Next, I popped in the driver CD-ROM that came with the mobo into a portable USB CD drive I have. Run setup.exe to install all Gigabyte software, drivers, and resources. Now that I have a fully-functional Win10 install, I powered back down & inserted the Thunderbolt AIC. Follow the printed QS guide that came with the Alpine Ridge card. Card goes into the slot furthest away from the CPU. Use the jumper cable to connect the card to the TBH header on the motherboard.
Restart your computer & press DEL to get back into UEFI/BIOS. On the Peripherals page, scroll down & select your new Thunderbolt (™) Configuration option. Set Security Level option to No Security - that’s the only change you need to make here. Press ESC and you’ll be prompted to save & exit. Do so - you’ll reboot back into Windows.
The AIC comes with an install CD, but just to be on the safe side, I’d go to the card support page & download the latest TB driver. The driver on my CD was old, but the firmware in the device was current. Before you can check & make any firmware updates, you need to install the TB driver software (which also installs a TB management utility that runs in the tray when a TB device is detected).
Note that the firmware updater is “a program within a program” - You first unzip what you downloaded, then run the firmware updater app’s .exe file: it’s an installer for the firmware updater application! Once you run the firmware updater installer you downloaded, you then need to find the app that it installed & run it. NOW you’re able to check the firmware version &, if it needs updating, to do so. I was lucky in that my AIC was already on the latest version.
Finally, once all that is done, time to plug in a TB device to verify that everything is working. Within a second or 2 of plugging in something (I started with the Apple TB > Ethernet adapter), you’ll hear a chime & there should be a pop-up message in the lower right corner. You’ll also see a little square blue/white TB tray icon - this is for the Windows TB Manager app. You can get a feel for what happens in Windows when you plug in TB devices by reviewing this post (albeit the screenshots are Win8).
Once all is well with TB in Windows, you need to return your system to the condition for running macOS. Eject the Win7 installer USB, and power down your system. Remove the Win10 boot drive, and reconnect your macOS boot drive. Reboot into UEFI, and disable CSM Support. Finally, make sure that Boot Option #1 is back to your macOS boot drive’s EFI partition. Save & exit.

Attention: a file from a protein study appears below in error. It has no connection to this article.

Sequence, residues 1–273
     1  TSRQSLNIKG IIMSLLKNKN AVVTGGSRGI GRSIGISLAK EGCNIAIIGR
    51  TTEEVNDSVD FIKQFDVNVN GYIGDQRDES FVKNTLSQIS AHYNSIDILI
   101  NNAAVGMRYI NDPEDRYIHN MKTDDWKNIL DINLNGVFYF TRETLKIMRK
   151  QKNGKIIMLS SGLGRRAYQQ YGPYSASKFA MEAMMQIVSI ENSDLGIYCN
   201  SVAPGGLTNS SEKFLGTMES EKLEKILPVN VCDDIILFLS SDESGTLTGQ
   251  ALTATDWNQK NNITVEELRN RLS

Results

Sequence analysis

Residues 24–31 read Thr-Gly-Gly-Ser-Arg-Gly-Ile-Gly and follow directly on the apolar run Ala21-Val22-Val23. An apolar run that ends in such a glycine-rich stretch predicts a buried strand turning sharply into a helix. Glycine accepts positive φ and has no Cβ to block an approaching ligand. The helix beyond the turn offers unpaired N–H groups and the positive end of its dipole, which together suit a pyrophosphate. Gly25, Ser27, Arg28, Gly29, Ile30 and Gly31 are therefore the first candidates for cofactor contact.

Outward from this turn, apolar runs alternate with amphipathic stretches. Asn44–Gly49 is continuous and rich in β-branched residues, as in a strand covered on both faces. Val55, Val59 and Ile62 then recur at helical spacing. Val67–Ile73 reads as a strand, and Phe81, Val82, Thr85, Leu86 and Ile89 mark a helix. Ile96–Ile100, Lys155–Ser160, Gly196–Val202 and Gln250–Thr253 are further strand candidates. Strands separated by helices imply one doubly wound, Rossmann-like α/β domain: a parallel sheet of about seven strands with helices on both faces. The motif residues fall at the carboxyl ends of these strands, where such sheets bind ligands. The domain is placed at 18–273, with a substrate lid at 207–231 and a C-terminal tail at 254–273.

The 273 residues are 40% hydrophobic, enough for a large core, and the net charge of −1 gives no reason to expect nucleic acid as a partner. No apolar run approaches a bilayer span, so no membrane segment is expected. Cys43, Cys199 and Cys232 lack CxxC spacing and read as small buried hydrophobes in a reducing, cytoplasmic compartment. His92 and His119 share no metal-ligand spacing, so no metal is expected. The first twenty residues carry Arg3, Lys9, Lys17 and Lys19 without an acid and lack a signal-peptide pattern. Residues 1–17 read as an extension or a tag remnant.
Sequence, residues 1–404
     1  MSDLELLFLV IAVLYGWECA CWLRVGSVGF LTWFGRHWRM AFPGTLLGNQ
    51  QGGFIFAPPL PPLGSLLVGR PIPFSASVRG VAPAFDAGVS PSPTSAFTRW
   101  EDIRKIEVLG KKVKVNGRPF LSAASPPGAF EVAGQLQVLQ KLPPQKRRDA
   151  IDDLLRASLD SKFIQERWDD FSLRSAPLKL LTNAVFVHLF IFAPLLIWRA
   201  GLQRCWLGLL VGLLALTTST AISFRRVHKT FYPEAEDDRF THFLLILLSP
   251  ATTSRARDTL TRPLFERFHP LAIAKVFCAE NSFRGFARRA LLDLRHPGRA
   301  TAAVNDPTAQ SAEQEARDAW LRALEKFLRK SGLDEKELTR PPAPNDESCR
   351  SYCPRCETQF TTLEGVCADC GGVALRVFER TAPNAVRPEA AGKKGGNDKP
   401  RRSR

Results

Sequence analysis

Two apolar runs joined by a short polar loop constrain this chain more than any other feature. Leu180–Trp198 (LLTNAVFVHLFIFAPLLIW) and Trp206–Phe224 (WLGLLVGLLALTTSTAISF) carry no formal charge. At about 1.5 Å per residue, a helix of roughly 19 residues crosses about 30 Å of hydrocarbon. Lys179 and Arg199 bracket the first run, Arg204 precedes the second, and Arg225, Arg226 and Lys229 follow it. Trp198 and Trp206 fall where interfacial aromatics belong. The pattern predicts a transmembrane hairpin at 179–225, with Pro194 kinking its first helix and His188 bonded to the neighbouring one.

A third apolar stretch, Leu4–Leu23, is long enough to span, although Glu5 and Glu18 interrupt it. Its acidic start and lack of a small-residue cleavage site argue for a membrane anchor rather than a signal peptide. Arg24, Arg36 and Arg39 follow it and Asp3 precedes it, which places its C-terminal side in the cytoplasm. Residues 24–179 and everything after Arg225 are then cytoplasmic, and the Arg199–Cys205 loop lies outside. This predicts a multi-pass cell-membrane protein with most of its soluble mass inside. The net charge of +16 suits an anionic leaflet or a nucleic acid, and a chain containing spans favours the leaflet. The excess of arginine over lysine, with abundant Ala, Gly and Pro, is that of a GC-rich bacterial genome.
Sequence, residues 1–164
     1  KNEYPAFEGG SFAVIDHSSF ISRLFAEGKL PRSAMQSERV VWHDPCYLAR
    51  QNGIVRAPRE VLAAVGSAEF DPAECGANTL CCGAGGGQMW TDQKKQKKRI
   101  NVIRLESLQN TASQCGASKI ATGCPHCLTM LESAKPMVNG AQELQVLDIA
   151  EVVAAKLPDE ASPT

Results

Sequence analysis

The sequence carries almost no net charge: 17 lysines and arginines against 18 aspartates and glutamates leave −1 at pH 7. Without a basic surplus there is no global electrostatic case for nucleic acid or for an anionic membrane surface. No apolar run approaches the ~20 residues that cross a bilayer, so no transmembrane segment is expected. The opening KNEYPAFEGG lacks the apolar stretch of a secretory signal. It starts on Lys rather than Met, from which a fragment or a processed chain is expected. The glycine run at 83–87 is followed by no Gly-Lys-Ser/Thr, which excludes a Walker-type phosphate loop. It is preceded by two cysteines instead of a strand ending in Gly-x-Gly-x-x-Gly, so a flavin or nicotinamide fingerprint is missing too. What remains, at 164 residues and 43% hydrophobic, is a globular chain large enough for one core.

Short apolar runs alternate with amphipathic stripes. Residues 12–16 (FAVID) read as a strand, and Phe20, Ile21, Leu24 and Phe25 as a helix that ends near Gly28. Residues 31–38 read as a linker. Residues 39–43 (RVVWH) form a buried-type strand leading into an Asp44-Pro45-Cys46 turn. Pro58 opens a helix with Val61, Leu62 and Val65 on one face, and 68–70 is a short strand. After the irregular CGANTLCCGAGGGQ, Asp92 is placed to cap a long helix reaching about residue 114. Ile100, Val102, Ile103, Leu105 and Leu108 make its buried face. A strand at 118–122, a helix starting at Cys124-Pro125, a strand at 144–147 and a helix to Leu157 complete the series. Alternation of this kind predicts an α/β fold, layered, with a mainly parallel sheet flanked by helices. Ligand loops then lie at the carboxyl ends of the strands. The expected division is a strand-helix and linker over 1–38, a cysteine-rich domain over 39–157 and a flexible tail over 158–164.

Final TB notes:
- Hot-swapping Thunderbolt in macOS has never worked for CustoMac since GA-Z77 days (first mobo with onboard TB). Hot-swapping TB devices in Windows works fine.
- For best success (in my experience), connect your TB devices at the Clover boot screen. I have a CalDigit TB3 docking station that I leave connected & powered on all the time. About 25% of the time when I boot machine from powered-off state, I’ll get white “ghostbuster” symbol after white Apple logo. Having TB devices connected on power-off state through POST on occasion confuses the machine. I set my Clover boot to 10 seconds delay - that gives me time to connect any TB devices before the system boots. YMMV...
Making the UniBeast USB flash drive
I wanted this to be a classic UniBeast/MultiBeast build, even though the research I did for other successful Z370 builds would say, “create your UniBeast USB, and then delete the UB-installed EFI folder & replace it with the folder I found from another user.” While that method does work, it’s not what we’re all about at Tonymacx86.com. [/deactivate soapbox].
I simply followed the instructions here to install macOS 10.13.3 - first, by building my USB key. In my situation, I used a Kingston Traveler 16GB USB3.0 flash drive. Once UniBeast installer is complete, I always do one last thing as a matter of convenience. I create a new folder on the USB key called, “Tidbits.” I then download & park copies of the following so that I have easy access immediately following macOS installation:
- Latest MultiBeast for High Sierra
- Clover Configurator app (fine tuning @ the end)
- Latest Clover Bootloader installation package
- MacMan’s patcher for unsupported audio (200/300 mobos)
- Kext Wizard (or Kext Beast, etc) - I like KW because you can also use to rebuild caches if needed.
- RehabMan’s CodecCommander kext
- (optional) - I’m using AMD GPU, so no additional drivers are needed. If you’re doing a build using NVIDIA, you’re going to need the latest Web drivers & some other goodies/fixes. Check the Graphics forum for info & resources you need.
I had a hunch based on something I read in Stork’s MyHero II build, so I inserted the USB key into the bottom blue USB3 port, directly above HDMI (I never knew you could use USB3 flash drive AND USB3 port for UniBeast install - it's always been "black" USB2 ports). In the top USB2 (black) port is the Unifying Receiver for my Logitech keyboard & mouse. I would suggest USB mouse & USB keyboard be plugged into the black USB2 ports.